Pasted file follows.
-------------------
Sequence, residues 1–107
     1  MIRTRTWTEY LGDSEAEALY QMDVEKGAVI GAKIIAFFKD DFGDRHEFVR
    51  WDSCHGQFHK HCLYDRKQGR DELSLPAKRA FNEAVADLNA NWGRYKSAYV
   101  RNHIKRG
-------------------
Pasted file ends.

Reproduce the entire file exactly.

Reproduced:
Sequence, residues 1–107
     1  MIRTRTWTEY LGDSEAEALY QMDVEKGAVI GAKIIAFFKD DFGDRHEFVR
    51  WDSCHGQFHK HCLYDRKQGR DELSLPAKRA FNEAVADLNA NWGRYKSAYV
   101  RNHIKRG